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April 18, 2024


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British Airways, IAG Group, and Air France/KLM reported strong profits for 2023 as Europe’s aviation industry continues to rebound from the global pandemic.  IAG had a solid fourth quarter and year, while AF/KLM had a 4th quarter loss but a strong year overall.

International Airline Group (IAG)

IAG’s operating profit grew to €3.507 billion on revenues of €29.493 billion. IAG’s profitability in 2023 exceeded the pre-pandemic level achieved in 2019.  Full financial results can be found here:


IAG, an expanding group that owns British Airways, Aer Lingus, Level, Iberia, and Vueling, stated its profits were boosted by “strong demand” among leisure travelers. “In 2023, IAG more than doubled its operating margin and profits compared to 2022, generated excellent free cash flow and strengthened its balance sheet position, recovering capacity to close to pre-COVID-19 levels in most of its core markets,” said Luis Gallego, CEO of IAG. Results in 2023 were buoyed by a 22.6% growth in capacity, focusing on the core North Atlantic and South Atlantic markets.

He also set high expectations for 2024. “In 2024, we will execute on our strategy, building long-term value into the business. We will focus on strengthening our core airline businesses and on developing IAG Loyalty and our other asset-light growth opportunities, and we will do this while operating under a strong financial and sustainability framework. Our airlines operate in the largest and most attractive markets globally and we will continue to invest in our brands to transform the business, improve the customer experience and support the delivery of sustainable growth and world-class margins.”

Air France/KLM

Air France KLM posted record 2023 group revenues of €30.0 billion but a 4th quarter loss. Group capacity reached 93% of pre-pandemic levels, with a load factor of 87%. Operating profits were €1.712 billion for 2023, up from €1.193 billion in 2022.  The carrier also reduced its debt from €6.337 billion to €5,041 billion during the year.


Benjamin Smith, AF-KLM’s Group CEO, stated, “In 2023, we delivered on our commitment to strong operational and financial performance while also maintaining our position as a benchmark airline Group for sustainability. Among our major achievements, we can be satisfied of our efforts to further strengthen our balance sheet and restore the Group’s equity. We also placed a historic order for fifty Airbus A350s with purchase rights for forty additional aircraft, thereby accelerating our fleet’s renewal with latest-generation aircraft that offer improved fuel efficiency, lower CO2 and noise emissions, and an enhanced experience for our customers.”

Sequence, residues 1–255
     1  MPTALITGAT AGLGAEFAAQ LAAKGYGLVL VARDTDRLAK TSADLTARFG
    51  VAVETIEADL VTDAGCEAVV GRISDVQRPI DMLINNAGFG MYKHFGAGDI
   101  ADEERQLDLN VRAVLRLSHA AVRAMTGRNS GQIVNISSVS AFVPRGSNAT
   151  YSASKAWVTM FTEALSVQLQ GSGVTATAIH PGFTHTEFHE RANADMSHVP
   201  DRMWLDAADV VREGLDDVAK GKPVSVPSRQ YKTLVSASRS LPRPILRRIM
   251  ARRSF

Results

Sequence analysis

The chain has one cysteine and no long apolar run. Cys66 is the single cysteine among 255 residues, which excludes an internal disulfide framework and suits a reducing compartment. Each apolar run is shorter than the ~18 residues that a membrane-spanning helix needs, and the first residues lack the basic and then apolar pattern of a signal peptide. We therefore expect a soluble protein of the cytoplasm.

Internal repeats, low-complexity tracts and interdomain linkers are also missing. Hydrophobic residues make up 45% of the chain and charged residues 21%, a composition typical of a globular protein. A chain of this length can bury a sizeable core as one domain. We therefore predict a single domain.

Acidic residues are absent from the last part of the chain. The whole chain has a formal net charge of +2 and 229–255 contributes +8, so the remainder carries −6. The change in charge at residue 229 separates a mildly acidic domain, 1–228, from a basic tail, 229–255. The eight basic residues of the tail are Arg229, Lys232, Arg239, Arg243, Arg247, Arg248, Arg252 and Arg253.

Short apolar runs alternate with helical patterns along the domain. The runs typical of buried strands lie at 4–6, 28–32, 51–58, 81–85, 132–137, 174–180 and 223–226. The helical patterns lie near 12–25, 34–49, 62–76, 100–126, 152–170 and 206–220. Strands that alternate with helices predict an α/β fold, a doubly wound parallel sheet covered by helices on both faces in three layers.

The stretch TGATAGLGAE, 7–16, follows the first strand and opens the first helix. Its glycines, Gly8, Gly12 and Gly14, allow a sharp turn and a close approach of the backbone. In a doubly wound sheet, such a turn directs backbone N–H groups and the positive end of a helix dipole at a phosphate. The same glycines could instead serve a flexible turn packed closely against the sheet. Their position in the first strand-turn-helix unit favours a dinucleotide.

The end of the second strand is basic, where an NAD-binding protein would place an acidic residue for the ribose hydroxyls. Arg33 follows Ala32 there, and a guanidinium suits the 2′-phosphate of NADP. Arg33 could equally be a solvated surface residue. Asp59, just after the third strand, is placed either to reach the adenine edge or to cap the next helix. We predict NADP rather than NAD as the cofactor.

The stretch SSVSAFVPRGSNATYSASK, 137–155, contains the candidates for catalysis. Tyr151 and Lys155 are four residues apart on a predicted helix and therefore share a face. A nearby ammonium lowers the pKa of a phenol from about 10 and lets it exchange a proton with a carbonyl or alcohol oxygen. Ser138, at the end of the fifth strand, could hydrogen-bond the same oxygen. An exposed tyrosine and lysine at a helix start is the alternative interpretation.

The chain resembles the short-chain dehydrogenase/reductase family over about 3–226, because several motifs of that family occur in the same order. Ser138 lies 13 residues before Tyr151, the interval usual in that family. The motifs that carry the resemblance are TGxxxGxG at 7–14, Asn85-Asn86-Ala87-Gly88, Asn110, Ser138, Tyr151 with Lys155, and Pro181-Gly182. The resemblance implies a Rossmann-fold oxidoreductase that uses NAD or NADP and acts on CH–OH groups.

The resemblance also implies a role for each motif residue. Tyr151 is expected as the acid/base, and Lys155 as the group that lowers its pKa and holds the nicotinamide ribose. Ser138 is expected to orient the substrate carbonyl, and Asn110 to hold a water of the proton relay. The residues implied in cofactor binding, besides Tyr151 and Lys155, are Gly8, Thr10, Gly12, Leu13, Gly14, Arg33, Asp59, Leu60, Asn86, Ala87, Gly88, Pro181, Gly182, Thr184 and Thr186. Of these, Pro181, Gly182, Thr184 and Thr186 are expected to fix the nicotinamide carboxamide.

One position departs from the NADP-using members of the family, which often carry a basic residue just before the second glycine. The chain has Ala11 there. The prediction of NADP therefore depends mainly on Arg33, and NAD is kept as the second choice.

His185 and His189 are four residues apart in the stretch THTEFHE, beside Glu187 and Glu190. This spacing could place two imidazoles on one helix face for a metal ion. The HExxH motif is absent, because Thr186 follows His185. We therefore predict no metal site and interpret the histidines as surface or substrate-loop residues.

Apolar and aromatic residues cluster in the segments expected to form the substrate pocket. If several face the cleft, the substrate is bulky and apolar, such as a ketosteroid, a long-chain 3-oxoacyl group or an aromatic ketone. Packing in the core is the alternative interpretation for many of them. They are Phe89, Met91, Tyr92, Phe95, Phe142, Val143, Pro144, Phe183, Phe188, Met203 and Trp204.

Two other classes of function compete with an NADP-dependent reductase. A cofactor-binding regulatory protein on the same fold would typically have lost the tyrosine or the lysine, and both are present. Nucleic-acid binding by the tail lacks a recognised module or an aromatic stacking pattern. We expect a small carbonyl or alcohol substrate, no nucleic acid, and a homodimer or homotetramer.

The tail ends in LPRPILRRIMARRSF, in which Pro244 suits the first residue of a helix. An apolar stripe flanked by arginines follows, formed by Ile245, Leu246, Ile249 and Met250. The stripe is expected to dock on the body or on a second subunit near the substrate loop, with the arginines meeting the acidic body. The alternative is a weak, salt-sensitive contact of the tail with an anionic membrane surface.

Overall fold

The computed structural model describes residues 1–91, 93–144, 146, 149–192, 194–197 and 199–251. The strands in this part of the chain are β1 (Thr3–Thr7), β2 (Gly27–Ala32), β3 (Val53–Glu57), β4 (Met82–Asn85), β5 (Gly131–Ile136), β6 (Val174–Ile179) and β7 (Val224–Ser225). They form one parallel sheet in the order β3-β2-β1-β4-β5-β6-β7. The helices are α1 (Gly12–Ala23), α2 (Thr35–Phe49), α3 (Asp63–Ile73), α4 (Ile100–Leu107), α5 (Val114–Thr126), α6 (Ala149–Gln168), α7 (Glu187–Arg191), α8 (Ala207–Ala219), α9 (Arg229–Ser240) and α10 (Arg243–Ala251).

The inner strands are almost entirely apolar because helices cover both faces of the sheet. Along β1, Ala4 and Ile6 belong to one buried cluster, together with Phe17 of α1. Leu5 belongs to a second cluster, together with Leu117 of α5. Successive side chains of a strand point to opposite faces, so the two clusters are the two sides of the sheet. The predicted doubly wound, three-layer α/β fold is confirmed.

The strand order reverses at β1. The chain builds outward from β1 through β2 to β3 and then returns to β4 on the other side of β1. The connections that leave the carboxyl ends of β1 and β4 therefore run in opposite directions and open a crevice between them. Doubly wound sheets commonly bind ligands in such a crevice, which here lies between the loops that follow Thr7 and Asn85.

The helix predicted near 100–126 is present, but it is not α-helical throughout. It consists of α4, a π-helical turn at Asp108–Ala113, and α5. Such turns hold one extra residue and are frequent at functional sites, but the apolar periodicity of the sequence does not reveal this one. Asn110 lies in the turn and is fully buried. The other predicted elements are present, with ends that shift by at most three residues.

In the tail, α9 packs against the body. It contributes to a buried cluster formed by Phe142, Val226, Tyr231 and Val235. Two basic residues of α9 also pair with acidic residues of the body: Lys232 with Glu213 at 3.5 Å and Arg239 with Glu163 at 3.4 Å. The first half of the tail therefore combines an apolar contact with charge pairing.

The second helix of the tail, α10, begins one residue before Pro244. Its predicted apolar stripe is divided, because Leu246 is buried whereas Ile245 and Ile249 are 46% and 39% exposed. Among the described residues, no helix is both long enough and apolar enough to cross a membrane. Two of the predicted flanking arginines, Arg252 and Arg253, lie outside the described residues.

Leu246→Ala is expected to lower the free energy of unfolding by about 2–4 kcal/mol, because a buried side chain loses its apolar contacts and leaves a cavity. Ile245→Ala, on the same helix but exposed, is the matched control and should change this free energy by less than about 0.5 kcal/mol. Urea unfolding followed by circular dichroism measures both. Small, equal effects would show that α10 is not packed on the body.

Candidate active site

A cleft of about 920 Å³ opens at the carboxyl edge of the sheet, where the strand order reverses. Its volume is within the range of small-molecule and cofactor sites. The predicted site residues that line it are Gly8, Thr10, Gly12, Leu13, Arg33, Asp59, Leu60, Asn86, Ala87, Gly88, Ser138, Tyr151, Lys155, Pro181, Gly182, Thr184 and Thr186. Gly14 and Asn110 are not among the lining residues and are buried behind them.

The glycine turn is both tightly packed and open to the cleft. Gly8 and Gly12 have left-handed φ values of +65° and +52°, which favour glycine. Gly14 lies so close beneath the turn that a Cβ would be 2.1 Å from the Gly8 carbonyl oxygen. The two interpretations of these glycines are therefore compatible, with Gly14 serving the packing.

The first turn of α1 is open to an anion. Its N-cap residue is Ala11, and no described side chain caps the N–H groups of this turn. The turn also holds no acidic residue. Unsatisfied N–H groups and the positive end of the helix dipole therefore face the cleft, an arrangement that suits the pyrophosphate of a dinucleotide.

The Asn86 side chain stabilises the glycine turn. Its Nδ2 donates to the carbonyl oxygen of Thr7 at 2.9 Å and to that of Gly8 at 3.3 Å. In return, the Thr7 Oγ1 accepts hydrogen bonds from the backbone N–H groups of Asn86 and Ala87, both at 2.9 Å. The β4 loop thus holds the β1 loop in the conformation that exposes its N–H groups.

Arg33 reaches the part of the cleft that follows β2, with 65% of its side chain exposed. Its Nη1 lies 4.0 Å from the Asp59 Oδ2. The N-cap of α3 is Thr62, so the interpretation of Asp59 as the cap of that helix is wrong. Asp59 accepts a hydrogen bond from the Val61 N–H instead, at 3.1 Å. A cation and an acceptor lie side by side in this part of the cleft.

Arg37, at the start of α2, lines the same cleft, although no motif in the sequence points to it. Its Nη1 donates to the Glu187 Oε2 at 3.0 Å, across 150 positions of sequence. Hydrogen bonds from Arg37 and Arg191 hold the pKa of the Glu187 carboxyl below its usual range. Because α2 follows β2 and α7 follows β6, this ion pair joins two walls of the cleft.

Looking ahead to 2024, a key priority will be to continue reinforcing our performance, via the continued execution of our strategy. This year will mark Air France-KLM’s 20th anniversary, an occasion made all the more special by the Paris 2024 Olympic and Paralympic Games, of which Air France is a proud official sponsor. We look forward to welcoming the world to France – athletes, delegates, supporters, and more – onboard our aircraft to celebrate the world’s largest event.”

The Bottom Line

Despite the very positive results, the market appears concerned about profit sustainability. “Concerns over aircraft availability and demand in some of its key markets, alongside stickier than expected inflation in Europe, have overshadowed what were some generally positive results,” said John Moore, senior investment manager at RBC Brewin Dolphin.  The capacity shortfalls and uncertainty over the Boeing 737 MAX 10 certification are of particular concern as demand has returned, but capacity hasn’t matched that growth.  

AF-KLM’s  CFO, Steven Zaat, stated, “The problem is not selling the tickets. We can sell every seat we want.”  The problem is capacity and obtaining aircraft to meet their capacity growth targets in an industry beset with supply-chain problems and certification delays.  IAG is remaining with the MAX 10 today but may shift to other products if additional certification delays cause the program to be much later.

Inflation, which has been persistent in Europe, is also leading to higher labor costs, which, combined with high fuel costs, are causing concerns for 2024 performance, compounded by geopolitical disruptions in the Middle East impacting traffic demand.

Despite records for revenues and profitability, the European airline groups have not yet reaped the rewards they were expecting from shareholders and the stock market amid supply chain, labor, aircraft, and geopolitical concerns.

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President AirInsight Group LLC

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